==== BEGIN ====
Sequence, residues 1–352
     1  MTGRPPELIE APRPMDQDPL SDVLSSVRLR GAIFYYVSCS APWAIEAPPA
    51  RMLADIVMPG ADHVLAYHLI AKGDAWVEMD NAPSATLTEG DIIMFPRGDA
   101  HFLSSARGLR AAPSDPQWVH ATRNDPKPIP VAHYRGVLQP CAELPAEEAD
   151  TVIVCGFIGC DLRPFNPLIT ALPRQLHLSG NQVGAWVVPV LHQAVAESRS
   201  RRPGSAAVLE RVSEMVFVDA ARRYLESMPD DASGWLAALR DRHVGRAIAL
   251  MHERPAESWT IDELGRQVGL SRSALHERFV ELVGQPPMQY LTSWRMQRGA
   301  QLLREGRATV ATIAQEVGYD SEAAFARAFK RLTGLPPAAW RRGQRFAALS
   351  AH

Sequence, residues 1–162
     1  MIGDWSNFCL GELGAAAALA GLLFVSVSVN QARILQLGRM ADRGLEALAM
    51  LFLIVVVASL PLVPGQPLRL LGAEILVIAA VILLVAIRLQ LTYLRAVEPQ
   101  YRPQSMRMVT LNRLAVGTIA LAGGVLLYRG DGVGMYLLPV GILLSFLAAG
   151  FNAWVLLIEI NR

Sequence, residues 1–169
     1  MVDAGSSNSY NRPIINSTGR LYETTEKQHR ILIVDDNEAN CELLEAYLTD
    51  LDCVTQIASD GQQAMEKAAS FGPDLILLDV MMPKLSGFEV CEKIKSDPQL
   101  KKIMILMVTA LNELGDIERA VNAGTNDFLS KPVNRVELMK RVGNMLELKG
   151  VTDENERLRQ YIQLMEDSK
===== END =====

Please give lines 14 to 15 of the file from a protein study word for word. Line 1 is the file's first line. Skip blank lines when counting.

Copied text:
   151  FNAWVLLIEI NR

Sequence, residues 1–169